Identity Crisis

When I was 10 years old I remember getting excited because a friend of the family loaned me a game named Guild of Thieves, and then Hollywood Hijinx. Both of these titles were text adventures, meaning there were more or less no graphics. Some of them had a few bitmap images to go along with the text, but no movement as we are all used to today.

Back then, your imagination was responsible for creating not only your environments but your character as well. Nothing relied on the cost of your GPU or how much memory you had. As long as your computer could display text, you could play the game as well as anyone else.

These days bring many changes. Now a game without bleeding edge eye candy is considered below par and dies on the discount table. MMOs are reviewed and rated based on their cosmetic level holding as much importance as the design of the game itself. Those who still partake in pen-n-paper RPGs are considered nerds and losers. Times do change indeed.

All current games share one common element. The perspective of the player exists, and is therefore relevant to the design. Whether the player is assuming the role of God or a highly trained dark elf shaman there exists a self awareness which must be illustrated. Black & White represents this character with a hand cursor which changes depending on the player’s choices in the game. Many MMOs represent this with a three-dimensional avatar, while others like EVE online put the focus on the player’s ship (with a still image of the pilot as a backup).

My interest is how much the character representation affects the player. I am referring primarily to the depth of customization designed into the game. Let’s look at a few case studies.

  • EVE Online – Player character is represented by a still image with the selection of four lighting types. All other customization is based on the character ship in-game.
  • Everquest II – Player is able to customize character with a medium range of physical features and hair styles. Hair color and skin tones restricted to race. All other customization depends on in-game armor restricted to level.
  • Lineage II – Player is able to minimally customize character hair style/color and predefined faces restricted to race and class. All other customization depends on in-game armor restricted equipment class restrictions. Armor appearance changes per race.
  • World of Warcraft – Minimal character creation. All other customization in-game based on armor restricted to level. Due to the unique graphic engine, detail of avatar is low.
  • The Matrix Online – Very minimal character creation. Lack of creation ability counter-balanced with wide range of player created and dropped clothing and weapons.
  • Star Wars Galaxies – Most likely the highest amount of character customization to date. Full physical modifications including weight, height, bust size (females), tattoos and player created clothing/armor based on hundreds of base templates. Also, in-game appearance changes possible by player ran Image Designer profession.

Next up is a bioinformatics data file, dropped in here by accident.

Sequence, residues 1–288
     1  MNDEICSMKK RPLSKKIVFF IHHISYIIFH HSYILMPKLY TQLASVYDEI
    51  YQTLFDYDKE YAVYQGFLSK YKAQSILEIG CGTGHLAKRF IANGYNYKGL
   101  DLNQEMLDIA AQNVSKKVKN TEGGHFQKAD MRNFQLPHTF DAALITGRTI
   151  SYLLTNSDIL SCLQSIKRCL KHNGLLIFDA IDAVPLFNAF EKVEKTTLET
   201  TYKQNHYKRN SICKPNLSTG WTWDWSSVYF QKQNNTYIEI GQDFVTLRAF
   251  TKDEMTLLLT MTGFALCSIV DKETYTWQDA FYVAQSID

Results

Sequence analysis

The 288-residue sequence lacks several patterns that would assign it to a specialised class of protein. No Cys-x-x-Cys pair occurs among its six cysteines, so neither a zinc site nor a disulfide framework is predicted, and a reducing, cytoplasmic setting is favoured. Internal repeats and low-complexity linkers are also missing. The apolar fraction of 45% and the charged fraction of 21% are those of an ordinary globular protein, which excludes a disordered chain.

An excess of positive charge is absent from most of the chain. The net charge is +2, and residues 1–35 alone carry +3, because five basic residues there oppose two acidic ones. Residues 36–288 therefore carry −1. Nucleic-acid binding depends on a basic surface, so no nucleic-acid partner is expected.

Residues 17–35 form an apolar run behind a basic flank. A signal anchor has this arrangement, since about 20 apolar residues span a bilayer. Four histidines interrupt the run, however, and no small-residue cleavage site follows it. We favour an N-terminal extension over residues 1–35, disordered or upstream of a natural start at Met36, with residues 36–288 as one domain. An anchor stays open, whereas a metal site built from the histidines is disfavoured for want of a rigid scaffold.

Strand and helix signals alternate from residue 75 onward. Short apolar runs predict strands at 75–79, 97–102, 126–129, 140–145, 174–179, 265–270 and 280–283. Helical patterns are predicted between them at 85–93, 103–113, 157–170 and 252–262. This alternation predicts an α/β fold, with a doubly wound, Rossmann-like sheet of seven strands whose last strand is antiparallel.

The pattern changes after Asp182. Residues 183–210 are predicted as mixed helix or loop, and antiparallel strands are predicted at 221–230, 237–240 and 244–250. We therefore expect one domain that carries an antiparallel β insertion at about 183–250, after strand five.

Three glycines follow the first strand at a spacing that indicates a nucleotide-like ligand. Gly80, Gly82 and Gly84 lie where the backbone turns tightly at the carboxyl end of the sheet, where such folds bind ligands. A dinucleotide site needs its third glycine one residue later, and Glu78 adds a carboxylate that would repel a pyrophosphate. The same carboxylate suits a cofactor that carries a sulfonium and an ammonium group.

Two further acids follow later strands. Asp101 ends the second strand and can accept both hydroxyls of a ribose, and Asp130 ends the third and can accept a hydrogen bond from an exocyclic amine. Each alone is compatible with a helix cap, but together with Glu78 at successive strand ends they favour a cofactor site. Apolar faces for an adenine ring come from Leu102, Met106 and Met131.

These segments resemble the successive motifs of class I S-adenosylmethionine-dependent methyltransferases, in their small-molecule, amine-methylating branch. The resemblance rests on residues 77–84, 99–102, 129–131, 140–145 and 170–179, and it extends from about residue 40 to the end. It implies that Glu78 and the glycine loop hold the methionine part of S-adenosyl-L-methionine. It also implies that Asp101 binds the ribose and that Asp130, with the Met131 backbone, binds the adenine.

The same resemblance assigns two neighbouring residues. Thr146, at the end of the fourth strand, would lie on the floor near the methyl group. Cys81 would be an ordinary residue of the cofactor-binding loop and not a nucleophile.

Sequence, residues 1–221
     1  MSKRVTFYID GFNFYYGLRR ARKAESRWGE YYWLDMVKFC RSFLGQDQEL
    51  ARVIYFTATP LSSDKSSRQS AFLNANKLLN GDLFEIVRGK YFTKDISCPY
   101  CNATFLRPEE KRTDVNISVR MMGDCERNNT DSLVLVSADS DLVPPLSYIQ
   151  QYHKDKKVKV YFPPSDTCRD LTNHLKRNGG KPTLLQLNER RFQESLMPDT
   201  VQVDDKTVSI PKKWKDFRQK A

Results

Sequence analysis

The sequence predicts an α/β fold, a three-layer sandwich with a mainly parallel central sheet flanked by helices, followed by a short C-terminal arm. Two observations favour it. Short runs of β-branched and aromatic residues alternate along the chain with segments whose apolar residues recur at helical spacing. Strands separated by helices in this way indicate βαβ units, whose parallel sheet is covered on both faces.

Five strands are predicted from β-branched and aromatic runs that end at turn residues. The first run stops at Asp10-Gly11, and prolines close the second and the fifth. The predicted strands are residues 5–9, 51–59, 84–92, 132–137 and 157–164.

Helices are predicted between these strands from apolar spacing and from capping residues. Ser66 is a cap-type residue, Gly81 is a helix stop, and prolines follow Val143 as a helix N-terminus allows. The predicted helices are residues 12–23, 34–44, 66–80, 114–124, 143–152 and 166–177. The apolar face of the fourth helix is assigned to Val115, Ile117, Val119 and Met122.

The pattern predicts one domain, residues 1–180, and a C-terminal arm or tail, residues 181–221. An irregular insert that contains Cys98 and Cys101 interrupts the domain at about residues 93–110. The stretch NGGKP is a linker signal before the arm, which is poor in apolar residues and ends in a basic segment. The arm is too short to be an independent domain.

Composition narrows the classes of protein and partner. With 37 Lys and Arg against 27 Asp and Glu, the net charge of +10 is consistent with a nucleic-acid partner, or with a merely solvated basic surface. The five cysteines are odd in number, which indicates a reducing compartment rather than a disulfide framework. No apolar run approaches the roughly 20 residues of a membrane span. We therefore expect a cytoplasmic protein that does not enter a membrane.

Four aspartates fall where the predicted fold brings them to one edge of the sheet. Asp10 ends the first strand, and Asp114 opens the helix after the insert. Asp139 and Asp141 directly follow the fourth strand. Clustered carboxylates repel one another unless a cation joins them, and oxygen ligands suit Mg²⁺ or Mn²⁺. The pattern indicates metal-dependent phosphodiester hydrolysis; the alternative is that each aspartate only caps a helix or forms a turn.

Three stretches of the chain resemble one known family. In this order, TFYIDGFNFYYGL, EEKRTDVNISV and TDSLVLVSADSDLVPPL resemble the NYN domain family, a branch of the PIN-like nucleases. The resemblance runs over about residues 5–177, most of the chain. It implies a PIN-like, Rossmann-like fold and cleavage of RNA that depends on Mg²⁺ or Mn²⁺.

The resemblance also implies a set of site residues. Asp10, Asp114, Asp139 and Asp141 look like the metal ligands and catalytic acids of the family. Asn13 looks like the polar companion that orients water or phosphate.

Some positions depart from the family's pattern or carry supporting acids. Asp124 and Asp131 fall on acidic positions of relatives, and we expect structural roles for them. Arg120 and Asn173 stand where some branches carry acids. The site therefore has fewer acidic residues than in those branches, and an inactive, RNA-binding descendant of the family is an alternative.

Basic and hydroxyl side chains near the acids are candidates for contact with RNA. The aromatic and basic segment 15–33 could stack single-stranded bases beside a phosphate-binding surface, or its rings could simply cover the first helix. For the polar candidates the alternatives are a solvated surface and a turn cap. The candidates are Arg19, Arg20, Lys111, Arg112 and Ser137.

I believe that the importance of character customization is directly related to the player’s style of play; what they enjoy. Some old school RPG players do not require much customization in order to enjoy a game because they have adapted to making use of imagination in order to succeed at role-playing their character. Others put a lot more weight on a character’s appearance to present themselves to others in game.

All of this falls back upon the foundation principle that RPGs are about playing the role of a different creature. Whether the player requires a completely unique avatar or simply their mind, they are representing themselves as someone different. This goes along with males who prefer to play female characters and vice-versa.

Many of the guides which we would normally follow in a discussion like this are clouded by the fact that as MMO production gets closer and closer to the main stream market, game populations become less focused on hard core role-playing and therefore more so on popularity ladders which, as time has proven, always put a high importance on cosmetic elements. :)

I am a person who while enjoying serious role-playing, also requires a good amount of avatar customization and presentation ability.

What about you?

-Spot

13 thoughts on “Identity Crisis”

  1. CoH has some of the best character customisation options I’ve seen. It pretty much guarantees that people will be unique.

  2. I agree – while a lot of roleplaying in CRPGs is in the players mind, I love heaps of customisation, both of character features and in game armour/clothing. I was very disapointed in L2’s character creation, whereas EQ2 I spent ages playing with different races and characters personalising what I thought my character should look like, down to the size of the ears etc.

    For me, the more I can customise my character, the more I can relate to it, feel for it, want to play it, be it. Theres something impersonal about worlds where character creation options are limited. This is esspecially important in CoH, where as a superhero, you really really need to have your own, unique identity.

    This also leads in the direction of removing floating names from games – imagine a game where you can recognise someone by their avatar alone? (which leads to some very interesting situations)

  3. EVE Online is unusual for me. The character creation process is focused around a still image. There is quite a lot of adjustments you can make to personalize it, but when you boil it down it’s still just a still image. I never even look at other player’s images. So that leaves you with a ship. Since you cannot customize the ship (other than naming it) you end up being one of many people with that ship.

    So what connects me to the game? It feels like the character I am playing is *me*. I can’t see myself, I am inside the ship. I was suprised that I became connected to the game, but I realized this was why. I am the pilot.

    In previous games, getting a unique “look” was rather important to me. In EVE, it feels like “what I do” defines me more than “what I look like”. Really, EVE is just fascinating me beyond all expectations.

    I really agree with the CoH comments above. That game seemed to be the best by far at letting you create a unique individual. Making characters in CoH is fun all by itself.

  4. It really bugs me when I see someone in Guild Wars that looks exactly like I do. I even had this happen to me in CoH when I played even though that was a character creation process that would yield very unique characters.